Sustainability is a popular buzzword these days. But what does it mean for our little square mile of the planet?
Well, to boil it down to the elements we interact with every day...it's how we steward the air, land, and water right here in our corner of the world.
It starts with promoting walking and biking as the way to get around town. Not only does it mimic the design of cities that research shows tend to be the happiest in the world, it makes for cleaner air. That's why in December of 2020, I presented the Mayor and Council with a plan for beginning to implement the Mount Rainier Bike Master Plan. It's a plan that starts by investing in the infrastructure necessary to connect the D.C. lane on Bunker Hill Road across from Eastern Avenue with our own bike co-op by making the Mount Rainier-portion of Bunker Hill Road an official bike corridor complete with sharrows and signage. It then seeks grant money to complete the remaining infrastructure. Read more here.
It also means promoting the use of native plants in our soil through our Native Plant Network. The legislation I drafted to create the Native Plant Network is the first of its kind in the state of Maryland and it was passed by your Mayor and Council in December of 2020. It will allow us to educate the community on the importance of planting native, identify what parts of our community have committed to planting native through an online map, and encourage as many people as possible to follow suit. The end goal is two-fold: (i) to have our yards and public spaces look more like the native habitat it once was; and (ii) serve as a model for the rest of the state to create a native plant corridor across the state. Read more here.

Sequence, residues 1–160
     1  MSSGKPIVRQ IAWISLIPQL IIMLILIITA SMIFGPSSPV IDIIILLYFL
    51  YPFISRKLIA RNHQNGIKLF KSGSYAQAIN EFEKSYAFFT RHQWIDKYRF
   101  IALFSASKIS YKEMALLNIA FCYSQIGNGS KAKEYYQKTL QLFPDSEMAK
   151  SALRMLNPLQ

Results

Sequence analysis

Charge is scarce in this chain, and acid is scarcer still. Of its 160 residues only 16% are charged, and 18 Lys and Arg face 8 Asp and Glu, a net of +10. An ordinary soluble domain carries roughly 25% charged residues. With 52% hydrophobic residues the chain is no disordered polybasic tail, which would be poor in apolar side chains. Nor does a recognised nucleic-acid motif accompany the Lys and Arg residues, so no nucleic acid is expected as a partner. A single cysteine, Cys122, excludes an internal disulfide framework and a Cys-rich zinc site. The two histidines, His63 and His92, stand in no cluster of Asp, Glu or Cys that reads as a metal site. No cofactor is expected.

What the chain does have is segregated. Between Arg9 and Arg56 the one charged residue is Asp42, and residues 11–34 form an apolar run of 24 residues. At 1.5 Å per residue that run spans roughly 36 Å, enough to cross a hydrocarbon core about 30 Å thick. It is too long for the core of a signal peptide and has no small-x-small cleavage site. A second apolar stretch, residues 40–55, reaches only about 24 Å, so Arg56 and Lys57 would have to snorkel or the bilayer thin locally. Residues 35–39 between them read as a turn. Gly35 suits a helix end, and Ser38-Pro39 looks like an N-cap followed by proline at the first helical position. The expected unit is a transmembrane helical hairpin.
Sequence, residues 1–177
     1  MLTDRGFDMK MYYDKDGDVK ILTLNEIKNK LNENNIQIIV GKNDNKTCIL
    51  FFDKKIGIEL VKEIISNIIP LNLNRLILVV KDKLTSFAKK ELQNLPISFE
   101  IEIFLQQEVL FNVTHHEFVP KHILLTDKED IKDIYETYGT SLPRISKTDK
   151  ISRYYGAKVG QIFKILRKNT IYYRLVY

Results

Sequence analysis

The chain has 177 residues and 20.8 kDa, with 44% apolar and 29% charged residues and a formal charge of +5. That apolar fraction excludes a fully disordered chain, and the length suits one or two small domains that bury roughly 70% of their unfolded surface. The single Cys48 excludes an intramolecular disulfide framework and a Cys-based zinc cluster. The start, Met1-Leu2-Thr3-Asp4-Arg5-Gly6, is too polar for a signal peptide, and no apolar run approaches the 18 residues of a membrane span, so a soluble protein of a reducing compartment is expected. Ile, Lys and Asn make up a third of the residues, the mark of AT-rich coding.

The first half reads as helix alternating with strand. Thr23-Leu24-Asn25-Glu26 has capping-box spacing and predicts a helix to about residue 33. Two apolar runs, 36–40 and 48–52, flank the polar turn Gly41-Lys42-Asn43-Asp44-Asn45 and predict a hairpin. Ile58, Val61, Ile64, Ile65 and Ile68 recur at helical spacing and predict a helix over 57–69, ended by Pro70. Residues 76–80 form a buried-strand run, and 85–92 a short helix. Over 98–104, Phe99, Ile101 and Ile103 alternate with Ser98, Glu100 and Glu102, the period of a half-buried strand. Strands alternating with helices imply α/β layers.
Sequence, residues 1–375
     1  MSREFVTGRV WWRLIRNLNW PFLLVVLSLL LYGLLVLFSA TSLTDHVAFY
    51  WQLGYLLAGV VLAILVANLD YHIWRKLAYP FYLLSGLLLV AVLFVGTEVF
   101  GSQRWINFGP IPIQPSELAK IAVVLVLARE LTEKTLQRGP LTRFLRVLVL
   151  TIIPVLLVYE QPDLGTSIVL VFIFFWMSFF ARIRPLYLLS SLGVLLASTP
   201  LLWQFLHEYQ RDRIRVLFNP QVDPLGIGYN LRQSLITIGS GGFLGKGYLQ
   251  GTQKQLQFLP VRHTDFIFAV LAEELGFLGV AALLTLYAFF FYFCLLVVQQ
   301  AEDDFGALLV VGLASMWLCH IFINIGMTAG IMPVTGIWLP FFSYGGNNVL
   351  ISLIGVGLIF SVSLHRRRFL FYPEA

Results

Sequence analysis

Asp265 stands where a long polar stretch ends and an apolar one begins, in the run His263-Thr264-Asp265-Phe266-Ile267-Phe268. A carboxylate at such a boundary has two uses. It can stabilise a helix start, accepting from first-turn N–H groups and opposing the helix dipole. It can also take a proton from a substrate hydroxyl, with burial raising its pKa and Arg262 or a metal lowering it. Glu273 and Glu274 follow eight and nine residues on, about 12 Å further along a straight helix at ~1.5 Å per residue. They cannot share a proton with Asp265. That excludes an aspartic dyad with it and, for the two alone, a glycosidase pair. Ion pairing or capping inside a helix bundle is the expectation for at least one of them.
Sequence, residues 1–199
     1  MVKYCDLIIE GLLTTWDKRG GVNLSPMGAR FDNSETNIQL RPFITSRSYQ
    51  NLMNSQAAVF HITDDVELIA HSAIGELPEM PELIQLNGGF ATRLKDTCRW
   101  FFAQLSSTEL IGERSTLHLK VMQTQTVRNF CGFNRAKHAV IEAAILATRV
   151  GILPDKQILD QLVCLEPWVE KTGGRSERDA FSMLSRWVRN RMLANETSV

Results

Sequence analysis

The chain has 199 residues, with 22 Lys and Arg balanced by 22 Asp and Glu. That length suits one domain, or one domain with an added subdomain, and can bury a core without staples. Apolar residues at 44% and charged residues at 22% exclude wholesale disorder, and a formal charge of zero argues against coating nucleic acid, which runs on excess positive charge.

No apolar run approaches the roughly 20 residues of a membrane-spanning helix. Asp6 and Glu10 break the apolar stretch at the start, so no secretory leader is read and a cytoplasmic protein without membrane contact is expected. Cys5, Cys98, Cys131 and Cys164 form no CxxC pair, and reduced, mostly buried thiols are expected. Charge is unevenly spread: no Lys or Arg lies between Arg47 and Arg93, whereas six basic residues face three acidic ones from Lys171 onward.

Finally, it means making sure our stormwater enters our local tributaries as clean as it can be through stormwater management best practices that funnel stormwater into bio-retention cells that serve a dual purpose of filtering out pollution before it enters the Northwest Branch and beautifying our tree boxes. On this front, I set out a short, medium, and long-term vision back in the summer of 2017 that set us on course for getting $346,000 in grant funding to install bio-retention cells all over our city and get started on a stormwater management master plan. The long-term goal? Daylight Dueling Creek on the south side of the city to create a beautiful native habitat for animals and humans alike to enjoy. Read more here.